Donalt J. Eglinton | Wardand Smith | September 5, 2018
A contractor has finished work on a construction project in North Carolina and submitted a written request for final payment to the owner of the real property that has been improved by the construction.
The owner is concerned about having to deal with liens from subcontractors and suppliers after final payment is made. This article examines the circumstances under which an owner can make final payment without this concern.
The North Carolina law governing the assertion of liens by mechanics, laborers, and materialmen who furnish labor, material, or services to improve real property is complex. It consists of a patchwork of statutes enacted and amended at different times to address particular issues. It also involves a body of case law interpreting and applying these statutes that has developed as the statutes have been enacted and amended. The statutes and case law are applied to determine, among other things, whether a right to assert a lien exists and, if so, the extent and priority of such lien. Not surprisingly, this law gives owners, who want to avoid liens and a risk of having to pay twice for construction, pause when parting with their funds to pay a contractor.
Notwithstanding the complexity of the law, there is a circumstance under which an owner can safely make final payment to a contractor (who, for the purposes of North Carolina law and this article, is any contractor who contracts directly with the owner and is commonly referred to as a “general contractor,” as opposed to a subcontractor who contracts only with a contractor) without concern for potential lien claims from subcontractors or suppliers. If the owner makes final payment to a contractor (and the payment is accepted by the contractor as final payment) at a time when the owner does not have proper written notice of any lien claim from a subcontractor or supplier who dealt with that contractor, the making of the final payment will protect the owner from the assertion of any valid lien claim made by any such subcontractor or supplier after final payment was made.
This simple, bright-line rule makes sense. Generally, two kinds of liens arising out of construction projects are recognized in North Carolina:
- The contractor may assert a lien against the owner’s improved real property (if this right exists, it can be exercised through subrogation by some subcontractors or suppliers under certain circumstances); and,
- Some subcontractors or suppliers may assert a lien against any funds owed by an owner or a higher tiered contractor, subcontractor, or supplier.
These liens secure the right to be paid for work performed to improve the owner’s real property. When an owner makes final payment to a contractor and the contractor accepts final payment, there are no more funds owned to the contractor. If no funds are owned to the contractor, then:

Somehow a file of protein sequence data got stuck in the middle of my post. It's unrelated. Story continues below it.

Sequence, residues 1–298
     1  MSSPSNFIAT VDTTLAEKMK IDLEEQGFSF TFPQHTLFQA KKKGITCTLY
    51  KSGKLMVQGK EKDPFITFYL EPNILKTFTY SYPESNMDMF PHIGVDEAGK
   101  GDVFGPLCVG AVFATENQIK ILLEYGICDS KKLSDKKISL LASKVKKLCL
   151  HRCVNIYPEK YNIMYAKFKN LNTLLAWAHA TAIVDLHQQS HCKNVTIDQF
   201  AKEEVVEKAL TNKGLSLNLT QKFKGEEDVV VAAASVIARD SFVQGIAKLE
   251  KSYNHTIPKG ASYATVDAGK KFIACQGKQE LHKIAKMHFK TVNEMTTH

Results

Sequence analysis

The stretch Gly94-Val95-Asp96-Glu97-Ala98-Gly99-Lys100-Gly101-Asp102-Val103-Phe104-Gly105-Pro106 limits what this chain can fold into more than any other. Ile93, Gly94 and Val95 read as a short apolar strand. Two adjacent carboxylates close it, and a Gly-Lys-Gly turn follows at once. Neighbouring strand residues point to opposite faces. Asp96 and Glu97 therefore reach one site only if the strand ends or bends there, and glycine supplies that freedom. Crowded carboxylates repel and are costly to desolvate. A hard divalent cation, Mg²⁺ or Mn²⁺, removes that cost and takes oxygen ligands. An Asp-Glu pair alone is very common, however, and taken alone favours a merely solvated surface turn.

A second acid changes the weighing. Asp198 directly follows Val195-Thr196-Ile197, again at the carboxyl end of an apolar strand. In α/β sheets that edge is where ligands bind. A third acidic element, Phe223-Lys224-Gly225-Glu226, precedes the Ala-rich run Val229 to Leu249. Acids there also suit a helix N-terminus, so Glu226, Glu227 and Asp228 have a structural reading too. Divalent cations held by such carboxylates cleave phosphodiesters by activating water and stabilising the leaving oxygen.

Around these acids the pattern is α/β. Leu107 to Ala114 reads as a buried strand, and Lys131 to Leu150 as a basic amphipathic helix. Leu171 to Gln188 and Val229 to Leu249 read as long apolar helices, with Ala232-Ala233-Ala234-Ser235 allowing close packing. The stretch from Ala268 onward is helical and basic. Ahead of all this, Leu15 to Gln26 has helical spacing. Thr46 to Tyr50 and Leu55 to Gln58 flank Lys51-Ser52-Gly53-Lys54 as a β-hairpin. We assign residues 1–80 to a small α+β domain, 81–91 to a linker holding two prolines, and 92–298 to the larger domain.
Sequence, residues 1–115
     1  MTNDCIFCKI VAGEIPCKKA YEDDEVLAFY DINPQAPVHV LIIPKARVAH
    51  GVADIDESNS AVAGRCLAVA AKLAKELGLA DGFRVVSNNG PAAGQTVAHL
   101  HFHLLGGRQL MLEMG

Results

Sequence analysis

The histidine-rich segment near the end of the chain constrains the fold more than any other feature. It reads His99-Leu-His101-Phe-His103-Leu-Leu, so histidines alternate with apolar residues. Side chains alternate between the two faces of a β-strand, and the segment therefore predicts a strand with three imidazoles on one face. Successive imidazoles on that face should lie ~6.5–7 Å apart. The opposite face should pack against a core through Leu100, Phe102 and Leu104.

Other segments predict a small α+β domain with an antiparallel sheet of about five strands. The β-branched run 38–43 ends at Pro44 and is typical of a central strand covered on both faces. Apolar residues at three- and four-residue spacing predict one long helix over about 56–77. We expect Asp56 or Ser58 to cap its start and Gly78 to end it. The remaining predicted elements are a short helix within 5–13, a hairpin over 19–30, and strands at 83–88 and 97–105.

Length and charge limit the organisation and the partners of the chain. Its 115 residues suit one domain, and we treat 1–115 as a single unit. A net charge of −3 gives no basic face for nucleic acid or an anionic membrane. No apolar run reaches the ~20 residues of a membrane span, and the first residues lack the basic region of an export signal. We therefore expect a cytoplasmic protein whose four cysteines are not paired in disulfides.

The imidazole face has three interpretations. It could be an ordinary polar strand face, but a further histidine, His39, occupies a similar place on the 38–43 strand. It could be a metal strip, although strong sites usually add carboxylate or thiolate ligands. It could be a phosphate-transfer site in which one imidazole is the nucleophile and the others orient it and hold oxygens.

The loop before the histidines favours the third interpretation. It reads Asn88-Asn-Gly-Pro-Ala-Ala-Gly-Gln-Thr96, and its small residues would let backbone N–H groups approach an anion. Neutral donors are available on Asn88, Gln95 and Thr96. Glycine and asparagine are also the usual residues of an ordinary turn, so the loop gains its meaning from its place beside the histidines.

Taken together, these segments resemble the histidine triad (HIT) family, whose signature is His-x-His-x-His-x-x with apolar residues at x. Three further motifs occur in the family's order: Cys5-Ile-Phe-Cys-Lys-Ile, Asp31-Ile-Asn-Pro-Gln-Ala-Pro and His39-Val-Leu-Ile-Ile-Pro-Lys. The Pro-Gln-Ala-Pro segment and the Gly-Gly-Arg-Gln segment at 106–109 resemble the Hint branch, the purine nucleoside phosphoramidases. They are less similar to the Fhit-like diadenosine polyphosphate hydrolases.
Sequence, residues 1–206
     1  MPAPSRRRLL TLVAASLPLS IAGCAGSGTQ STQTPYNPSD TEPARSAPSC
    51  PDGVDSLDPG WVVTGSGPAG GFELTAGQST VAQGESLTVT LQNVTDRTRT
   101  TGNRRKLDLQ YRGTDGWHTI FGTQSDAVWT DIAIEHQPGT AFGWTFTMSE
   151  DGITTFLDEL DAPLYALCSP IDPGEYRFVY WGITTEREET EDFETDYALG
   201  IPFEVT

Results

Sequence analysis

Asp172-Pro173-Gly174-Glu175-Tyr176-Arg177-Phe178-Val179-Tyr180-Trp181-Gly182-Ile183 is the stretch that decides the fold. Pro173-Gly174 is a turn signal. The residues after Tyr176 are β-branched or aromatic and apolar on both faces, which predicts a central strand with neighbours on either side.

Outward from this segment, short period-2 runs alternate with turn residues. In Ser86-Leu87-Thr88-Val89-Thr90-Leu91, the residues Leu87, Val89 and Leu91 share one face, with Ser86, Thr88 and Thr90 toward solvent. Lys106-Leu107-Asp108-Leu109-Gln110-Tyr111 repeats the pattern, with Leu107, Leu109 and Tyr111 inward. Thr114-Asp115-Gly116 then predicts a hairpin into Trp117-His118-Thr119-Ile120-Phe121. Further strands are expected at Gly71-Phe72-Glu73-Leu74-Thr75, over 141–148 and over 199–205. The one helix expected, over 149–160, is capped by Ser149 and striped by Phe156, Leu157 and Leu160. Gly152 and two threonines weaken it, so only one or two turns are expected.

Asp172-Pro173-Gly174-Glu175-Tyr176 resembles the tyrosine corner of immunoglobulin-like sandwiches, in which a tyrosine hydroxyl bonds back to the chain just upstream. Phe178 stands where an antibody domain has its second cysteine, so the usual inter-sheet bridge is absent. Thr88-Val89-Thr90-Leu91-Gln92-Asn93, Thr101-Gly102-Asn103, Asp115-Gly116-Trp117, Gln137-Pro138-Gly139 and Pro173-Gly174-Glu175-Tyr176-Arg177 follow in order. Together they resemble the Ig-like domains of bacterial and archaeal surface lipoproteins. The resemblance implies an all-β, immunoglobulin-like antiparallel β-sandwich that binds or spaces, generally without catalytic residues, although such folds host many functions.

- The contractor has no right to assert any lien against the owner’s improved real property;
- No subcontractor or supplier has any right to assert a lien on funds owed by the owner to the contractor; and,
- No subcontractor or supplier has the ability, through subrogation, to assert a contractor’s lien against an owner’s improved real property because the contractor no longer has such a lien.
A comment and a caveat must be added:
Comment: Although the making of final payment effectively cuts off lien rights, it is well-advised for an owner to require any contractor to provide a comprehensive final lien release, commonly called a “lien waiver,” at or before the time final payment is made.
Caveat: If an owner has proper written notice of a lien claim from a subcontractor, then the owner is obligated by law to withhold from payment to the contractor an amount sufficient to satisfy and pay the subcontractor’s lien claim, and final payment, therefore, should not be made by the owner until the subcontractor releases, or “waives,” the noticed lien claim. If the owner does not require this and the subcontractor is not paid by the contractor, the subcontractor’s lien on funds will become the even more problematic direct lien on the owner’s improved real property. If this occurs and the owner cannot get the paid contractor to “refund” the erroneously paid funds to the owner (or to do the right thing and pay the subcontractor), the owner may well have to make a “double payment” (that is to pay the amount that is the subject of the subcontractor’s lien claim twice) in order to clear title to the improved real property.